I think there is lot-to-lot variability to the Mojotone chassis. I have no idea who actually does the metal work for them, but, looking at the process, you have a guy with a punch press who sets up raw sheets and cuts (or shears rather) using the press. Then you set up the press for a hole, using stops as in the shearing process. Intricate presses, used for long production and high volume production, can be set up for multiple holes all "ganged up", but its expensive to do. I doubt the production quantity justifies the sort of expense needed for that. Whats it all end up as? Well.... you might find that holes are smidgen off. I'm sure they use a set-up jig to place the punch and die sets, but... its still a hand operation. My tool and die fabrication days are from the 1980's, and things have changed, but on this particular Mojo chassis, you can see the faint curvature around holes on the finish side, and that tiny lip of raised material on the inside of the chassis, so I'm pretty sure they're punched, not... say... laser cut.

    Hole spacing - 14-1/2 inches give or take 1/32 or so. And chassis cut out is 12-1/2 inches with the same tolerance.

    I've said this before, elsewhere here, but I use copper sheets available from Hobby Lobby as my inside copper plate material. Its easy to cut on a paper cutter, and what I do.... is hold the plate inside the chassis, and mark the holes with a Sharpie. Out of the chassis, predrill each hole to about 3/16 or so - not quite full size. Then back in the chassis and carefully... with one of those really small Unibits, make the first hole full size, using the chassis as a guide. I start with whatever jack is on the end - in this case the output jack. Stick the jack in the hole, snug it up. Then each successive hole, with its jack or pot in the hole snugged up before I move to the next hole. You'll find that the Unibit "self guides" to the chassis openings, which are steel, and cuts the copper "like buttah". The final result is a finished plate that is a 100 percent "perfect fit" for your particular chassis.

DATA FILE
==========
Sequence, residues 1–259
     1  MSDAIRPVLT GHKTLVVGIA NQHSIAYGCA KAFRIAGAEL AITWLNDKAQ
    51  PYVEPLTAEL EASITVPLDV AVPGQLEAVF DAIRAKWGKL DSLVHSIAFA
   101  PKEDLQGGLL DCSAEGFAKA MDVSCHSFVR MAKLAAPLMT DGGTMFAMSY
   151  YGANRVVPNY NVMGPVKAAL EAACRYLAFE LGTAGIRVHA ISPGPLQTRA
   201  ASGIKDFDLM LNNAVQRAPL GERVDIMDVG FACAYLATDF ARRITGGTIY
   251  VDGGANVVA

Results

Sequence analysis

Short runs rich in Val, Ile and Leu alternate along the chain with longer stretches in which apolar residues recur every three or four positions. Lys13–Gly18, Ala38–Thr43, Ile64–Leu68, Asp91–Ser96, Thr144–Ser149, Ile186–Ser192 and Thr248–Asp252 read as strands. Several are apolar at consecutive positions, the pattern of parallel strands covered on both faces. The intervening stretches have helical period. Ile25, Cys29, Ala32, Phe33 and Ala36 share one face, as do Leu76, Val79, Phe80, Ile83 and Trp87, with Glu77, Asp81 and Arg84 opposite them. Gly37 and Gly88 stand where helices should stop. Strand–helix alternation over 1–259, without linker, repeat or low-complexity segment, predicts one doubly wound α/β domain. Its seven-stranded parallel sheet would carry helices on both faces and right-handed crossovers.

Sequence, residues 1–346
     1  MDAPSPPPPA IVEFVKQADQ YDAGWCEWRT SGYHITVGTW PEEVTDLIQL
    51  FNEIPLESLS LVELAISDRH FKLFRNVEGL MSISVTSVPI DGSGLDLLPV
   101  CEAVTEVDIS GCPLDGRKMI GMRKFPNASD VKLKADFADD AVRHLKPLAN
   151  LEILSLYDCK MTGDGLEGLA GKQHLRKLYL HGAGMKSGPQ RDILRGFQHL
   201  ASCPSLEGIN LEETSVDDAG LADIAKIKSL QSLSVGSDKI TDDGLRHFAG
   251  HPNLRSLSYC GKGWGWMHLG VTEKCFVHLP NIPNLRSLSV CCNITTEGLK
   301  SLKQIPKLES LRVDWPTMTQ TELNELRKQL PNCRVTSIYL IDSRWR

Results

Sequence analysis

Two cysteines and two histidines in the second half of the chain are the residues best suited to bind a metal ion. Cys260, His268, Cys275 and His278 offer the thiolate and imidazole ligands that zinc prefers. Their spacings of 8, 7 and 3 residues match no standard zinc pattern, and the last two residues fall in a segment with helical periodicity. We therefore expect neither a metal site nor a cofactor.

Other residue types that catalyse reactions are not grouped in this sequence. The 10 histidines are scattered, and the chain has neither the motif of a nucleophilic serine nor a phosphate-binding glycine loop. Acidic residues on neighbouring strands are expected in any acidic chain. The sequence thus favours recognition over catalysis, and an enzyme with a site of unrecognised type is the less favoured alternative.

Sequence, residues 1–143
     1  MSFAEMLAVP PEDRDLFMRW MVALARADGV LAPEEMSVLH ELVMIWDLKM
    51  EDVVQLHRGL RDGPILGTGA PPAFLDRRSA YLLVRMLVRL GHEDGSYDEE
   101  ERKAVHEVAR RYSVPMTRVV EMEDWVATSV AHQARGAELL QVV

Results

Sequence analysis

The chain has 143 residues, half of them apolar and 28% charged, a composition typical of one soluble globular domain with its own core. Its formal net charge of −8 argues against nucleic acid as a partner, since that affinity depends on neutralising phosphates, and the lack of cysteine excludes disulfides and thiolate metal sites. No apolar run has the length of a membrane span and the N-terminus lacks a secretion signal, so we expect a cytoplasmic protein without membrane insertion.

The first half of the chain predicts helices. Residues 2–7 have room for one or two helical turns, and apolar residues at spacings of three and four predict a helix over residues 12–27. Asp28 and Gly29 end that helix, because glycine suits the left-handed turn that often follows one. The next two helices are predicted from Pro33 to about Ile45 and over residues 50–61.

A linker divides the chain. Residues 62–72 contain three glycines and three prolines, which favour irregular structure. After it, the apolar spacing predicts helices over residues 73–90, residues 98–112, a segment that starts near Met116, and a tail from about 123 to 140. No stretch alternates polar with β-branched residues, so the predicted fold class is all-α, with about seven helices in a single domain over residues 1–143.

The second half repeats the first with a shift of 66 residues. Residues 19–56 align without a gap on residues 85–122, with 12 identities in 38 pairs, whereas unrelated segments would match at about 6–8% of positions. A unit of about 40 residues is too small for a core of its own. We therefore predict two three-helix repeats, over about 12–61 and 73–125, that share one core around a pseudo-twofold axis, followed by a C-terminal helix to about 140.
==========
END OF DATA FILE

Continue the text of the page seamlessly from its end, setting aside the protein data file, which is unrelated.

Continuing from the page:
Now if somebody can do ME a favor....

    I used to use PhotoBucket... which has gone wonky. I've got almost no pictures shared, and they still tell me that I've "exceeded my bandwidth". They're on a money grab it looks like. Anyway, I set up a blog type photo share, but its pictures are not well shared on a BBS, and users have to go over to the blog to see full size images (a pain in the tookus). Can someone school me (PM so we don't clog the thread)? Many thanks. ;)

    I hope to get back the 6G15 after my man-jobs are done. Gotta change oil on my old Ranger ('99, about 300k miles), rotate the tires too. Then touch up all the paint where I had plywood on the house and patched the holes. Then do the lawn, which takes me two hours. Sometime... this afternoon, barring rain, I'll be back in the solder fume funhouse.
     
    Last edited: Sep 14, 2019 at 10:03 AM
  10. theprofessor

    theprofessor Friend of Leo's

    Posts:
    4,305
    Joined:
    Aug 8, 2016
    Location:
    Chattanooga, TN